Thursday, August 18th | 22 Av 5782

January 11, 2012 2:38 pm

It’s Not About the Bus

avatar by Algemeiner Staff

This round might have begun with the assault of a sweet and innocent young girl – herself strictly religious – for the ironic crime of not dressing modestly enough. It might have begun with the Rosa Parks style protest of a religious woman refusing to be relegated to the back of the bus. And it might have begun with the secular media running wild with every detail of every loony that just happens to be sporting side locks and religious garb.

However, wherever the finger of blame might be pointed, it only serves to intensify the misunderstanding of this fracas. These are not solitary events, these are not incidents born of recent times or cultural idealisms.  Rather, these troubling images that splash onto the daily tabloids are rooted deeper than we might admit. There is an inconsistency here, a disconnect, and it happened long before there were segregated buses, heck, this malignant isolation of hearts and minds within our people became cancerous long before there were even buses.

Before we step any further, we must unequivocally condemn all violence and such behavior. Contrary to popular pictures of Chareidim in striped pajamas and yellow stars – have they no shame? – we are not in concentration camps. We are not facing an enemy. We are talking about our own brothers and sisters. You don’t fight family. This isn’t some Shakespearian tragedy of familial mistrust, dispute and fatal conflict.  This is the real world, so take off your stone-age blindfolds, blink twice, and learn to appreciate that there is life outside your city block. G-d created a big world. He didn’t just create you.

Notwithstanding, the liberal media have their fare share of condemnation. Having gone to the greatest lengths in covering this mess, they have painted the religious community with brushstrokes of contempt and disgust. Despite wholesale carnage erupting along Israel’s borders, terrorists firing at a vehicle in Samaria, and a whole array of homicides throughout the country (“Israel Has Bigger Problems” – 12.30.11) the headlines were captured with the troubling and foolish actions of a few loonies. And then came the onslaught. There was constant coverage. Every incident; spitting, cursing, and the greatest crime of torching a trashcan, was met with news flashes, damning articles, and fiery editorials. Bet Shemesh became a “flashpoint” town of rioting and trashcan torching (“Hundreds of ultra-Orthodox protesters riot in flashpoint town of Beit Shemesh” – 29.12.11), quite like the Syrian flashpoint city of Homs (“Assad can force end to Syria crisis but wishes to avoid bloodshed, Lebanese official says” – 30.12.11) that plays witness to the unspeakable horrors of murder, rape and constant violence. Replace the tanks with side-locks, the snipers with religious garb, and you almost have a similar struggle.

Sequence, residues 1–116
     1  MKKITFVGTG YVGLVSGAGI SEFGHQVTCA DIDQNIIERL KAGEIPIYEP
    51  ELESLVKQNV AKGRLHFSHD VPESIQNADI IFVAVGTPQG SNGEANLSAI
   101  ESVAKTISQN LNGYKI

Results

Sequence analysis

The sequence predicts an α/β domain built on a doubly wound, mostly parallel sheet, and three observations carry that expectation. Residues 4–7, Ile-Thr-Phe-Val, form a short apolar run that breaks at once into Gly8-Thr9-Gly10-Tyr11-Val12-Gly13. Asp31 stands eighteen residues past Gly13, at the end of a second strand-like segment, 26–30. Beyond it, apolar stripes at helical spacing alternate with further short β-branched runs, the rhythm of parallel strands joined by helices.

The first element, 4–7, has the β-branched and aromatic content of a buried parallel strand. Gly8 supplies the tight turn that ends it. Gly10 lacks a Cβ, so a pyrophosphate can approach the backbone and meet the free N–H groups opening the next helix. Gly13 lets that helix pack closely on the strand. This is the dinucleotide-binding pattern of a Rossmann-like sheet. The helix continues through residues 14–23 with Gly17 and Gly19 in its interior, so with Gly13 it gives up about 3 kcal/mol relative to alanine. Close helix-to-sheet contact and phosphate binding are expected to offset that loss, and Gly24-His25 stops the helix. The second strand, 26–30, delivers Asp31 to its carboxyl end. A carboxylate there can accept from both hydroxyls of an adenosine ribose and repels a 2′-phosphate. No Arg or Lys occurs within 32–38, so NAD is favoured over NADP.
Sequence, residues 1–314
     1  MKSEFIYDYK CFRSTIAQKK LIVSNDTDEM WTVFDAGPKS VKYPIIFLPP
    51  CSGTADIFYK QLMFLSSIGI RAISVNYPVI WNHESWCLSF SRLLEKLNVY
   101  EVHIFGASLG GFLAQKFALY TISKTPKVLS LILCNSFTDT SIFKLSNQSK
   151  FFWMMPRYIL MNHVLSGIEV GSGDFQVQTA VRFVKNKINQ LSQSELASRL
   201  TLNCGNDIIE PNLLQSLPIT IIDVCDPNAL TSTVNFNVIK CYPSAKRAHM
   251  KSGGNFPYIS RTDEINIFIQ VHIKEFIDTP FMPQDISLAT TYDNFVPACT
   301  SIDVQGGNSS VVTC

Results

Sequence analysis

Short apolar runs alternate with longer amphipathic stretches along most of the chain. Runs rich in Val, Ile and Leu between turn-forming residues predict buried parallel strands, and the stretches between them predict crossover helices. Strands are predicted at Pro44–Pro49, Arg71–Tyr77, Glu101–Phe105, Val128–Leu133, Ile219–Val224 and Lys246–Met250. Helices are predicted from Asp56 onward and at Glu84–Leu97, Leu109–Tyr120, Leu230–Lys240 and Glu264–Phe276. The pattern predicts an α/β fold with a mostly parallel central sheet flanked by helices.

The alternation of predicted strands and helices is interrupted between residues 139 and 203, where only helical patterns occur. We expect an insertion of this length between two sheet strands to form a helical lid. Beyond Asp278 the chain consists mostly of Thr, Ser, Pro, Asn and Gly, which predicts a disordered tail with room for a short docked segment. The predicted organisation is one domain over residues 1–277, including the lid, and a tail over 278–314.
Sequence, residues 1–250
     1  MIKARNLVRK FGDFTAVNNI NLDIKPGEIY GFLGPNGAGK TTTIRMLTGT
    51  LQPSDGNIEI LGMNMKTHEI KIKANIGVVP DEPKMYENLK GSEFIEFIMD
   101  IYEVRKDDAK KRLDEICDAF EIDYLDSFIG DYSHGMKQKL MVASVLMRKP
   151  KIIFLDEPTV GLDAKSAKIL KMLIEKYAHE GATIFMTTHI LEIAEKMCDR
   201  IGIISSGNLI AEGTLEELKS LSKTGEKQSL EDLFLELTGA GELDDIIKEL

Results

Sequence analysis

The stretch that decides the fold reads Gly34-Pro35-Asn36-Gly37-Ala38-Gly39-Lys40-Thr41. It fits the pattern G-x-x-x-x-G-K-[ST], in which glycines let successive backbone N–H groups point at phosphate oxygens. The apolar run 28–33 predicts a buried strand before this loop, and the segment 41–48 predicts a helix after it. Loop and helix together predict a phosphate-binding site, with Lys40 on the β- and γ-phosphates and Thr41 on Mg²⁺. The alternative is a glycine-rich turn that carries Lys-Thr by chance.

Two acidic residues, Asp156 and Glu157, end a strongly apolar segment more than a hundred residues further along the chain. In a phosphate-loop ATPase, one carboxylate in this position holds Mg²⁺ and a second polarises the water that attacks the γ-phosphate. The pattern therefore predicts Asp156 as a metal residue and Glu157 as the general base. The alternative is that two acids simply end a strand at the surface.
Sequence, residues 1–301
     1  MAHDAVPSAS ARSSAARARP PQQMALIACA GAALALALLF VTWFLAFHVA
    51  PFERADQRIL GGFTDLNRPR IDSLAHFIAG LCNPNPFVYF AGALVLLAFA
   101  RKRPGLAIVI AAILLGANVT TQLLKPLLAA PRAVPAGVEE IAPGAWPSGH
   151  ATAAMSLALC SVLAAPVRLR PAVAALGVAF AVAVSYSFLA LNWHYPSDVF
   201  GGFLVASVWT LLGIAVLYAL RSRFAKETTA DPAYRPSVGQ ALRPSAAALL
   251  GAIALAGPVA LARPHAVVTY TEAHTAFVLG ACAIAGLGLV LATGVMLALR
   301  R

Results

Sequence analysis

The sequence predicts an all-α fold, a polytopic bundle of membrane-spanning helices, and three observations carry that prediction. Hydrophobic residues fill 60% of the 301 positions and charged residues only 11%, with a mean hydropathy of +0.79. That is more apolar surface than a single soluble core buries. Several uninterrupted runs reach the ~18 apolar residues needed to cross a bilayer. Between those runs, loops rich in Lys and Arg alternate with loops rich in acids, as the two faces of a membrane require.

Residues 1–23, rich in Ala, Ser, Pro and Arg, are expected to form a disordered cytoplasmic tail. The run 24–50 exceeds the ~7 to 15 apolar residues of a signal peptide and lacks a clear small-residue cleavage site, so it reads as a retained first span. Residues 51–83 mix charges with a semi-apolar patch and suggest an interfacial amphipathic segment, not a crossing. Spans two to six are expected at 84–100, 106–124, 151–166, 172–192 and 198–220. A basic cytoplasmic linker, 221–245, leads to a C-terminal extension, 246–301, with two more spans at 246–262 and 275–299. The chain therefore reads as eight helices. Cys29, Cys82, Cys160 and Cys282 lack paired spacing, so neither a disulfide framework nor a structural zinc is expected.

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So, I could enter the fray in criticism of either side. I could congratulate this band of loonies who have forever trivialized the Holocaust, making it fair game in Anti-Jewish rhetoric. I could thank them for tarnishing the semblance of respect for our belief system and ideology with their unabashed ignorance and vile assault of innocence. I could corner them by declaring modesty is not simply a dress code or a seating arrangement, but more a way of life — which doesn’t include violence by the way. Or I could focus my frustration to the Liberalist media who have successfully demonized an entire lifestyle based on the foolishness of a marginal sect. I could laud their efforts in deepening the gulf between our communities by sensationalizing the misdemeanors of a minority to the tune of a general religious perspective.

Indeed, I could do all that. I could take a side and join the many worthless columns already spent on this futile conflict with more words to stoke the flames. Or I could raise my voice in true protest and peel away the plaster that masks the real issue.

And the issue here is one of identity.

In an Op-Ed titled “Time to Say Goodbye” ( 01.03.12) the author demonstrates the cult-like nature of the Chareidim, and how their reclusive community must formally separate from the mainstream Israeli society. Although acknowledging the fact that we are family, he nevertheless likens the strained relationship to that of a “married couple who after long years of tension have reached the end of the road”.

And this is where I would interject: We aren’t a couple that needs to separate; we are just in desperate need of some marriage counseling.

What the author has missed is the secret that had eluded Mark Twain and many others before and after him — the secret of the Jews. We are Jewish? True. That the title is highly flexible? Not true. See, Judaism constitutes an infrangible three-part link: G-d, His Torah, and His people. Secular or religious, you are not any more or less “Jewish”. We are brothers and sisters by birthright.

And this is what lies at the core of the issue; there is a blatant misunderstanding of our own identity, and our responsibility for each other. When we recognize that despite our different views and outlook, we are all family, that our marriage cannot simply end, that we must find a way to understand and appreciate each other, then, and only then, will we rid ourselves of titles, labels, and this sickening hatred.

It is not about the bus, it is about us.  Because, after all, blood is indeed thicker than water.

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